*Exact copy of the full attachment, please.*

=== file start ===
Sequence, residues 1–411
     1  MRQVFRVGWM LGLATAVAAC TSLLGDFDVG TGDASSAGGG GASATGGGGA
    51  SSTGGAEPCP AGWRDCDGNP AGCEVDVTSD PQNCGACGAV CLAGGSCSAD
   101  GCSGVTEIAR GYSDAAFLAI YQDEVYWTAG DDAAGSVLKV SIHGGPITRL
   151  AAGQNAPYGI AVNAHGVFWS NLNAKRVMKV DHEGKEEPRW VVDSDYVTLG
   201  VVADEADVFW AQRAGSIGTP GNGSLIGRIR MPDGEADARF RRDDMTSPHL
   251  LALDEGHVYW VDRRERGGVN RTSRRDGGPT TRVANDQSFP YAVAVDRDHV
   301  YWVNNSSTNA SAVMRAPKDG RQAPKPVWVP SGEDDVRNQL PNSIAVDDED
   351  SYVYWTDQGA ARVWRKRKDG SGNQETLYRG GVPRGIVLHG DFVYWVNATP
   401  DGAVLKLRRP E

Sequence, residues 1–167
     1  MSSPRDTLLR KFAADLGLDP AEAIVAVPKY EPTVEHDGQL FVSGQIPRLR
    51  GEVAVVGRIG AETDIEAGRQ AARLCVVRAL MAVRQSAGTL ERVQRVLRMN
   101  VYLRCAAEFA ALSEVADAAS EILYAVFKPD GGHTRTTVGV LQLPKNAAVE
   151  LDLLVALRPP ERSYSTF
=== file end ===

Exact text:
Sequence, residues 1–411
     1  MRQVFRVGWM LGLATAVAAC TSLLGDFDVG TGDASSAGGG GASATGGGGA
    51  SSTGGAEPCP AGWRDCDGNP AGCEVDVTSD PQNCGACGAV CLAGGSCSAD
   101  GCSGVTEIAR GYSDAAFLAI YQDEVYWTAG DDAAGSVLKV SIHGGPITRL
   151  AAGQNAPYGI AVNAHGVFWS NLNAKRVMKV DHEGKEEPRW VVDSDYVTLG
   201  VVADEADVFW AQRAGSIGTP GNGSLIGRIR MPDGEADARF RRDDMTSPHL
   251  LALDEGHVYW VDRRERGGVN RTSRRDGGPT TRVANDQSFP YAVAVDRDHV
   301  YWVNNSSTNA SAVMRAPKDG RQAPKPVWVP SGEDDVRNQL PNSIAVDDED
   351  SYVYWTDQGA ARVWRKRKDG SGNQETLYRG GVPRGIVLHG DFVYWVNATP
   401  DGAVLKLRRP E

Sequence, residues 1–167
     1  MSSPRDTLLR KFAADLGLDP AEAIVAVPKY EPTVEHDGQL FVSGQIPRLR
    51  GEVAVVGRIG AETDIEAGRQ AARLCVVRAL MAVRQSAGTL ERVQRVLRMN
   101  VYLRCAAEFA ALSEVADAAS EILYAVFKPD GGHTRTTVGV LQLPKNAAVE
   151  LDLLVALRPP ERSYSTF